Overwhelmed by a Relentless God
The point of your life is to point to Him.
You could die before you finish reading this. I could die while you're reading it. Today. At any moment.
But it's easy to think about today as just another day. An average day where you go about life concerned with your to-do list, preoccupied by appointments, focused on family, thinking about your desires and needs.
On the average day, we live caught up in ourselves. On the average day, we don't consider God very much. On the average day, we forget that our life truly is a vapor.
But there is nothing normal about today. Just think about everything that must function properly just for you to survive. For example, your kidneys. The only people who really think about their kidneys are people whose kidneys don't work correctly. The majority of us take for granted our kidneys, liver, lungs, and other internal organs that we're dependent upon to continue living.
What about driving down the road at sixty-five miles per hour, only a few feet away from cars going the opposite direction at the same speed? Someone would only have to jerk his or her arm and you would be dead. I don't think that's morbid; I think it's reality.
It's crazy that we think today is just a normal day to do whatever we want with. To those of us who say, "Today or tomorrow we will go to this or that city, spend a year there, carry on business and make money," James writes, "Why, you do not even know what will happen tomorrow. What is your life? You are a mist that appears for a little while and then vanishes" (4:13-14).
When you think about it, that's a little disconcerting. But even after reading those verses, do you really believe you could vanish at any minute? That perhaps today you will die? Or do you instead feel somehow invincible?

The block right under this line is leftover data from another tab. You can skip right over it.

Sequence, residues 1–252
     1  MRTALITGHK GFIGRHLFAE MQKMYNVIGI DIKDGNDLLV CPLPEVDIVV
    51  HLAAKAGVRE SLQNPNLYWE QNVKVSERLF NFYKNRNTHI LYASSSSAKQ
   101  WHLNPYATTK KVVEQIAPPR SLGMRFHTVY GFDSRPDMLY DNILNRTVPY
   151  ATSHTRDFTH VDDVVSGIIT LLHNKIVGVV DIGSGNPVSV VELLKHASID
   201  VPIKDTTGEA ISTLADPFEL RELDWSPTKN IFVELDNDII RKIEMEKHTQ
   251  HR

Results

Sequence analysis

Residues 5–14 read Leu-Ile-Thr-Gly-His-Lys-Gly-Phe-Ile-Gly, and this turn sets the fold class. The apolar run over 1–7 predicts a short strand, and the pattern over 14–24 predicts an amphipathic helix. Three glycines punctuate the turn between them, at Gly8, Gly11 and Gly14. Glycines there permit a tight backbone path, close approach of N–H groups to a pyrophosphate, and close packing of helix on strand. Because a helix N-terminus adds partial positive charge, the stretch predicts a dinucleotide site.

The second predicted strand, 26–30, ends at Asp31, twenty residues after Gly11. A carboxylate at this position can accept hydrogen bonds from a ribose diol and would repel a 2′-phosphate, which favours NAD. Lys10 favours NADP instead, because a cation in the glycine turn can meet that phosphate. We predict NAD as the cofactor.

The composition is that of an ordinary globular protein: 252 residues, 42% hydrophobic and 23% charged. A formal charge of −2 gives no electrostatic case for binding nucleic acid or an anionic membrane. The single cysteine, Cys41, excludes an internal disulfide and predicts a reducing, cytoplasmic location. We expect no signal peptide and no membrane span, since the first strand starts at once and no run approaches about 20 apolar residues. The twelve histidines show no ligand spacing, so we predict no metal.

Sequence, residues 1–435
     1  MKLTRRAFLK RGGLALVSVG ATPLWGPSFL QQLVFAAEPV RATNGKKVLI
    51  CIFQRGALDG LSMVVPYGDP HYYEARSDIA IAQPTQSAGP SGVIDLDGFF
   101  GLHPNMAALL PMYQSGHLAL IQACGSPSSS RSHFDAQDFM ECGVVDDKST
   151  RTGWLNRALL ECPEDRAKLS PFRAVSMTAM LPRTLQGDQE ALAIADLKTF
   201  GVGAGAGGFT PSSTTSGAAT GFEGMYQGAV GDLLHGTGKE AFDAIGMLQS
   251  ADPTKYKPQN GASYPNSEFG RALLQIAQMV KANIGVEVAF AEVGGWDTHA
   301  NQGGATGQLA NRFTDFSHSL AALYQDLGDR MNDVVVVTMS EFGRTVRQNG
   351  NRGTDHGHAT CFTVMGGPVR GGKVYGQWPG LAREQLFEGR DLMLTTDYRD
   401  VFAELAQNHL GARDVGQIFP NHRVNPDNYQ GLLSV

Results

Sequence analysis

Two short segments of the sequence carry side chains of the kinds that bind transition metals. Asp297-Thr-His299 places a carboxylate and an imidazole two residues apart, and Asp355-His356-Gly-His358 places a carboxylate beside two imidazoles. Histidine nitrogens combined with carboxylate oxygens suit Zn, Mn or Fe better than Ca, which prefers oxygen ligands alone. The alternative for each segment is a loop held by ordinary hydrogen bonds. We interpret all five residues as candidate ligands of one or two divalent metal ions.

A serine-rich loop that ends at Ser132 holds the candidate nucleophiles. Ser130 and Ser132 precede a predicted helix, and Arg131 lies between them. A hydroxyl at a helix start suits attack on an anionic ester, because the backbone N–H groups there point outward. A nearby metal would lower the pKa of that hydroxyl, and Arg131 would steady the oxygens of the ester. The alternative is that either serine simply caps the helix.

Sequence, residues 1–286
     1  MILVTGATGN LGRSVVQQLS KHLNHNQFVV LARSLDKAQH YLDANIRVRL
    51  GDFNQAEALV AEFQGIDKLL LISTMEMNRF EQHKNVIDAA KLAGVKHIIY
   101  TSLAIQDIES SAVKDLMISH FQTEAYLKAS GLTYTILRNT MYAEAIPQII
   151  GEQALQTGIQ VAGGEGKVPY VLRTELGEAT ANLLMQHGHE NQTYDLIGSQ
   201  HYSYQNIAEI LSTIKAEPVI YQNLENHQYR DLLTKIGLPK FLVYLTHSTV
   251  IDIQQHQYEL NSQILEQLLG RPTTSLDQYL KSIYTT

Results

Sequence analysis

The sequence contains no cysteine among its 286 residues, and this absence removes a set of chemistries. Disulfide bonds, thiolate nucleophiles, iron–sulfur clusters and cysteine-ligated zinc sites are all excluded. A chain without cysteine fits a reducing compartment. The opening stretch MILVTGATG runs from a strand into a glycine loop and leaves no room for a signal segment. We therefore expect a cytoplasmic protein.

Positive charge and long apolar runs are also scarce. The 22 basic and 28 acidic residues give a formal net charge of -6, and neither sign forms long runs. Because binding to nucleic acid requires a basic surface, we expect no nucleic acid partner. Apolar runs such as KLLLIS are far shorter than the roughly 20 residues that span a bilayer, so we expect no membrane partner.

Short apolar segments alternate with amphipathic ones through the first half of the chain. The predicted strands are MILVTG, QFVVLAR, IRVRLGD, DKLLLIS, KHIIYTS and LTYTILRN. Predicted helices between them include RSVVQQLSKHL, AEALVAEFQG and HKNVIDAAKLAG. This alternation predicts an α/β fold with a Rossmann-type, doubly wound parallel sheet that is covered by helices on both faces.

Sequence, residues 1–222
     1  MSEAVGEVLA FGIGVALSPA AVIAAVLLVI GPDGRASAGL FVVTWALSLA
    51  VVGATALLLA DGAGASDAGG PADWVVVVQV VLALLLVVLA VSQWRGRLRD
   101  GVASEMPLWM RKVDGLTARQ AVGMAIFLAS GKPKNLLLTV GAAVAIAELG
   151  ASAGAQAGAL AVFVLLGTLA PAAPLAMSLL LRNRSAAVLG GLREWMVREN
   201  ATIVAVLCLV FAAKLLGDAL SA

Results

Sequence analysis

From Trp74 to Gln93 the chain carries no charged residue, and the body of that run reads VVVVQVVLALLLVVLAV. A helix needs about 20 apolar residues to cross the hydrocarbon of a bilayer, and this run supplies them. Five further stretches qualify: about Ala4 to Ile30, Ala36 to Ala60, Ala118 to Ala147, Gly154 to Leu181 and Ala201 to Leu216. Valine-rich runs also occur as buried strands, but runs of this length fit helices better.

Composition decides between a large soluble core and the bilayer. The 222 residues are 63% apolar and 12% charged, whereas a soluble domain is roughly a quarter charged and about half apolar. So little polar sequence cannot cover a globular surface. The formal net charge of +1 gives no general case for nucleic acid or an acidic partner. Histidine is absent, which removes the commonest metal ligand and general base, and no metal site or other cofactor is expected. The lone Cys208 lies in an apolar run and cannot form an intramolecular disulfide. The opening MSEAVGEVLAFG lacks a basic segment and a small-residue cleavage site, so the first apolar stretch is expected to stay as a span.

Frederick Buechner writes, "Intellectually we all know that we will die, but we do not really know it in the sense that the knowledge becomes a part of us. We do not really know it in the sense of living as though it were true. On the contrary, we tend to live as though our lives would go on forever." 1
I used to believe that in this world there are two kinds of people: Natural worriers and naturally joyful people. I couldn't really help it that I was the worrying kind. I'm a problem-solver, so I have to focus on things that need fixing. God can see that my intensity and anxiety are ministry related. I worry because I take His work seriously.
But then there's that perplexing command: "Rejoice in the Lord always. I will say it again: Rejoice!" (Phil. 4:4). You'll notice that it doesn't end with "... unless you're doing something extremely important." No, it's a command for all of us, and it follows with the charge, "Do not be anxious about anything" (v. 6).
That came as a pretty staggering realization. But what I realized next was even more staggering.
When I am consumed by my problems — stressed out about my life, my family, and my job — I actually convey the belief that I think the circumstances are more important than God's command to always rejoice. In other words, that I have a "right" to disobey God because of the magnitude of my responsibilities.
Worry implies that we don't quite trust that God is big enough, powerful enough, or loving enough to take care of what's happening in our lives.
Stress says that the things we are involved in are important enough to merit our impatience, our lack of grace toward others, or our tight grip of control.
Basically, these two behaviors communicate that it's okay to sin and not trust God because the stuff in my life is somehow exceptional. Both worry and stress reek of arrogance. They declare our tendency to forget that we've been forgiven, that our lives here are brief, that we are headed to a place where we won't be lonely, afraid, or hurt ever again, and that in the context of God's strength, our problems are small, indeed.
Why are we so quick to forget God? Who do we think we are?
This is an excerpt from chapter 2 of Crazy Love by Francis Chan.
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